The Price of Freedom


We often think back with rosy memories on places we’ve lived, and none more so than Curacao, which I remember with great romance and longing. But the truth is we were over it when we left. With a generous list of grievances, we packed our bags after our house was burgled for the third time in a month.

Upon returning a few weeks ago, I again held the fantasy of a life spent near the sea, restoring my landhuis and tending to my herd of goats, but unfortunately, the reasons we left are still very much reasons we might not return – in fact, it has gotten worse. The hotel where Carsten and I met had closed and was promptly looted and destroyed, stripped of every last usable item. The usual tales of robberies seem to have taken a violent turn: several people even described being held at gunpoint in their own homes!

Our good friend, a local Antillean whose family has lived on Curacao for generations, described an extreme love-hate relationship with his island home. On the one hand, he is saddened and enraged by the laziness and lack of motivation that leads to these crimes – he himself suspects his house sitters of stealing his boat and is worried daily that someone will steal his sheep. On the other hand, though having traveled the world, he admits that he returns to Curacao because it is the one place he feels he feels he has “complete freedom.”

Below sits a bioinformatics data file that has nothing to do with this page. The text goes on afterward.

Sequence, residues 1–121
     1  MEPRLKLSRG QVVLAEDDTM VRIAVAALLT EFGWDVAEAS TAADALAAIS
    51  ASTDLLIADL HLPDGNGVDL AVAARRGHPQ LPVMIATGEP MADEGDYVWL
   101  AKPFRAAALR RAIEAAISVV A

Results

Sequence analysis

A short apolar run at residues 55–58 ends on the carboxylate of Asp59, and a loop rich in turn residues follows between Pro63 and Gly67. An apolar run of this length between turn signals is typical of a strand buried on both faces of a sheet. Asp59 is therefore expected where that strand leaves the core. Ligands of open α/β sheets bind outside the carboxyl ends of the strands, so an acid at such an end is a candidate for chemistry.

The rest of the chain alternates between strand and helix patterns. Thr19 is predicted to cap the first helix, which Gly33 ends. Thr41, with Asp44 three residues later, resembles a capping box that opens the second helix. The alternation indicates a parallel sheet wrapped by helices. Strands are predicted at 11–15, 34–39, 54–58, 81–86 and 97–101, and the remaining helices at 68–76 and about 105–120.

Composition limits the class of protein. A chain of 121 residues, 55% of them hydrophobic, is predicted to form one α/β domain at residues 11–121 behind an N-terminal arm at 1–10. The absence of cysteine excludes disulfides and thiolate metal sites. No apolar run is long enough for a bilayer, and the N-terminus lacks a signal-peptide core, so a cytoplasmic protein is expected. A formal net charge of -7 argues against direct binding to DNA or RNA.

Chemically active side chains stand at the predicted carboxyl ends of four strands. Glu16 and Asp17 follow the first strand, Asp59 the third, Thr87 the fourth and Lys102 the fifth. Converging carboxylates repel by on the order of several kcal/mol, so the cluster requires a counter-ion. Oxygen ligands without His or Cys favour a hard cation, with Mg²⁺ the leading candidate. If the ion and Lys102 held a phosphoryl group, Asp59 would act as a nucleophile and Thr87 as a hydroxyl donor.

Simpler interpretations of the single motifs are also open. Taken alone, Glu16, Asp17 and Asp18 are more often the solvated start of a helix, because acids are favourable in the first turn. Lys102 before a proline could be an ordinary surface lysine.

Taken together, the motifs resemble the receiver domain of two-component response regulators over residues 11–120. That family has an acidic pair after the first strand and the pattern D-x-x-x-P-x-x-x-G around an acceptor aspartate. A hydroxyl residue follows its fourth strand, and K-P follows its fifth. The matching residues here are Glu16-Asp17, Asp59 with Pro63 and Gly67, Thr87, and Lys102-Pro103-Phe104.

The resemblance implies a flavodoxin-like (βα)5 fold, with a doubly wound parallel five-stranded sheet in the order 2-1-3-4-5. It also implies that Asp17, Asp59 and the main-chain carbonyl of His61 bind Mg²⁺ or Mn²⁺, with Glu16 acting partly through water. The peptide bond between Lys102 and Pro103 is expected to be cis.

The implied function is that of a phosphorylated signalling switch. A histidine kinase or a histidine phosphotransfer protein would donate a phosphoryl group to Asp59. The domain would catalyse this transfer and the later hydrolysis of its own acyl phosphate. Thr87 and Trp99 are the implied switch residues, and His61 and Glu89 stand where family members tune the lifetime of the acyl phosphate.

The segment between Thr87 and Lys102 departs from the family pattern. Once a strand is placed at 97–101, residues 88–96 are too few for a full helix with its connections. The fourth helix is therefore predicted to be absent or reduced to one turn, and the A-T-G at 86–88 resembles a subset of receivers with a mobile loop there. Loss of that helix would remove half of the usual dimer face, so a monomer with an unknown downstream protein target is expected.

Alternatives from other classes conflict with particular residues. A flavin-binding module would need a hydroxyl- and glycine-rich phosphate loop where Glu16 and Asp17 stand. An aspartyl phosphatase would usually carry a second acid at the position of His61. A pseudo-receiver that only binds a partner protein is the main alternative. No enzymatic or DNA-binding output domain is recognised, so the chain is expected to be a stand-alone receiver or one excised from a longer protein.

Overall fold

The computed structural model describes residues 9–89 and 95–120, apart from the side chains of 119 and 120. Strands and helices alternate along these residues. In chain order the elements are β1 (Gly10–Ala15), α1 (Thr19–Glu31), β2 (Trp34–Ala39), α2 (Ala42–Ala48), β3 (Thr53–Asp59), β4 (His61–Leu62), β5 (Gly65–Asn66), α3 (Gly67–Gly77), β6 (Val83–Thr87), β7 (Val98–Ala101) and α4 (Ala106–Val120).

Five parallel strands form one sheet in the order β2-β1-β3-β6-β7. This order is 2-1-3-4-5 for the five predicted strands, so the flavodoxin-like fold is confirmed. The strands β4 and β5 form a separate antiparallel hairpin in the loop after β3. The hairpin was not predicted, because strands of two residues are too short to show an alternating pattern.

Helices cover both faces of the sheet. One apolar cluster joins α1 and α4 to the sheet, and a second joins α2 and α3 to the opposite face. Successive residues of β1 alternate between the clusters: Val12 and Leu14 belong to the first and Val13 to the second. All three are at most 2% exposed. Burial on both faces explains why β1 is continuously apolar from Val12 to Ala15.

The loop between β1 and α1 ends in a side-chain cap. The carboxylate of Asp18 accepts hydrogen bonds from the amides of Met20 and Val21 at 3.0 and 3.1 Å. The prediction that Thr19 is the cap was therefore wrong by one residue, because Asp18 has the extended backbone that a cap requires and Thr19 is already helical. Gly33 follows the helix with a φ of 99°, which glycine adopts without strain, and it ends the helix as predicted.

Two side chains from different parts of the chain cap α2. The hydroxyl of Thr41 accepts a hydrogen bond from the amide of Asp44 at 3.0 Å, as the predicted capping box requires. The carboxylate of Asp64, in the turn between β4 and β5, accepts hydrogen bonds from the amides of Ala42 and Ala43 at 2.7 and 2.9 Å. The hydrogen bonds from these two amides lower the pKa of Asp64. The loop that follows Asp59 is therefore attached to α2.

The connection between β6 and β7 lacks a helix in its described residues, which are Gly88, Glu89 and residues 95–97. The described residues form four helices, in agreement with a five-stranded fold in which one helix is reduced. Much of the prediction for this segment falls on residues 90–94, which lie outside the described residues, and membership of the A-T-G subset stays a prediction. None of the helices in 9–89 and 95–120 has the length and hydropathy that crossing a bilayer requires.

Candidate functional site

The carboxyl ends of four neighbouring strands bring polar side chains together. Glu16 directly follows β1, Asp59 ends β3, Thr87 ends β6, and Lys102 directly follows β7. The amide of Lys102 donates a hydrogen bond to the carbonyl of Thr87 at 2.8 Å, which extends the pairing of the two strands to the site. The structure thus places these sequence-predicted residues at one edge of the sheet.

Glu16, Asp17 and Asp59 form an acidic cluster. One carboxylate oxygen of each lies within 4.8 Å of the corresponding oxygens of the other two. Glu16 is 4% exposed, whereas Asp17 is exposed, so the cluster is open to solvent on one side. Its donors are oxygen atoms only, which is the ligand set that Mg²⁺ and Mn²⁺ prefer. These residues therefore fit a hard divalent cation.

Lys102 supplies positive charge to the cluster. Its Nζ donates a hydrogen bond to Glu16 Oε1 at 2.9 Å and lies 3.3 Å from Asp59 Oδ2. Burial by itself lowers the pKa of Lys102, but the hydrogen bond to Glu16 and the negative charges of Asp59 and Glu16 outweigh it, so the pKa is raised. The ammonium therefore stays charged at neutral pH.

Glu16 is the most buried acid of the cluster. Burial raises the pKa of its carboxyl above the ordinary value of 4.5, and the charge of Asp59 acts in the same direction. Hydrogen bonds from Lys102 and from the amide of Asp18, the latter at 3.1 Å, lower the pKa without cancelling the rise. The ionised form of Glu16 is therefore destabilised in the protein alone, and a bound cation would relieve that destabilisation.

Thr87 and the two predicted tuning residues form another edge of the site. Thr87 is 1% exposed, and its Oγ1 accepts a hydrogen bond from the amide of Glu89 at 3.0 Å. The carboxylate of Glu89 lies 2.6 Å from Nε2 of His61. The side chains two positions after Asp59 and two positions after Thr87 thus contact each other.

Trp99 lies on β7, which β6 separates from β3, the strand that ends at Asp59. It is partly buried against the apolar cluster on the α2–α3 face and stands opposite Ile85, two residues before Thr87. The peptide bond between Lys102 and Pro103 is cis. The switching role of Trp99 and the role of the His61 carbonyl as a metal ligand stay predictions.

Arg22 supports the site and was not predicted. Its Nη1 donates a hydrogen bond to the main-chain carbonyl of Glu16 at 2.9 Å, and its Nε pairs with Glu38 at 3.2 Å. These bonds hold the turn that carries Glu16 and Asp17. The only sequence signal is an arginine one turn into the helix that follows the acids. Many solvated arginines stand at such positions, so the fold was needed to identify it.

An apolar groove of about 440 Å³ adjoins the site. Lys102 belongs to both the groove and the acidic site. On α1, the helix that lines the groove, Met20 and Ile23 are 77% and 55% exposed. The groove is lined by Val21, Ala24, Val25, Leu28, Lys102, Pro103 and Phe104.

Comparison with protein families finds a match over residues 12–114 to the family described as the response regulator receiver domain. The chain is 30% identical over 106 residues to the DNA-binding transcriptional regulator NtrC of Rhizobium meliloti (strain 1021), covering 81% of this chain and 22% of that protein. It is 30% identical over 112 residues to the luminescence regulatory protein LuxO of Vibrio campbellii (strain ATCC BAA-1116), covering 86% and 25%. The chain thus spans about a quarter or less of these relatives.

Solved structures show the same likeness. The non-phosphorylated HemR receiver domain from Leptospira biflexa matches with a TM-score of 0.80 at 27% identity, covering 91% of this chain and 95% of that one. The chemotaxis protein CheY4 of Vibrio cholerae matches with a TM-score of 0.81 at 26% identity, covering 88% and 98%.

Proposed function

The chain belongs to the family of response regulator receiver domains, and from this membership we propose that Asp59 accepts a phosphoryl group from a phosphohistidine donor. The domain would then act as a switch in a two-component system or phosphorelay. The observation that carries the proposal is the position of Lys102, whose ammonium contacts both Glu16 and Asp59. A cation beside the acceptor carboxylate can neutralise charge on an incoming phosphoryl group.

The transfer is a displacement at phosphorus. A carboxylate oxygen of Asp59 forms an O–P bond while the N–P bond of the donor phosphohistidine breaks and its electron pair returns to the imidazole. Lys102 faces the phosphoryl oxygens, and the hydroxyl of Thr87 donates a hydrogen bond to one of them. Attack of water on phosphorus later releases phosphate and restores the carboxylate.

It’s true – Curacao is a lawless place. I don’t mean this literally  – of course there are laws – but you get the distinct feeling that the shady character enjoying his cocktail at the bar is wanted in another place and left alone in this one. It’s a place where you can drive into oncoming traffic, not wear a seatbelt, and have a beer in one hand when you pick up your rental car. Where you can visit the largest brothel in the Caribbean, play loud music until all hours of the night, smoke whatever you choose. With the U.S. being increasingly over-policed and over-regulated, it is refreshing to to have no one give a crap what you do.

But here’s my question: Is it really freedom if you are scared to leave your house without bars on the windows and glass on the walls and dogs in the yard, for fear of what your neighbors might do? I’d love to hear your thoughts.


One comment

  1. Jean Heller

    Very insightful and important questions. One man’s freedom begins where another man’s ends. I am not free if I live in fear of my life. Laws reflect the underlying moral values accepted by the people. If the most fundamental values exclude appreciation and respect for the right to own property, then no law written can keep property owners safe. If the multitude of people feel entitiled to take more than they earn, those who work to earn what they have are in danger.

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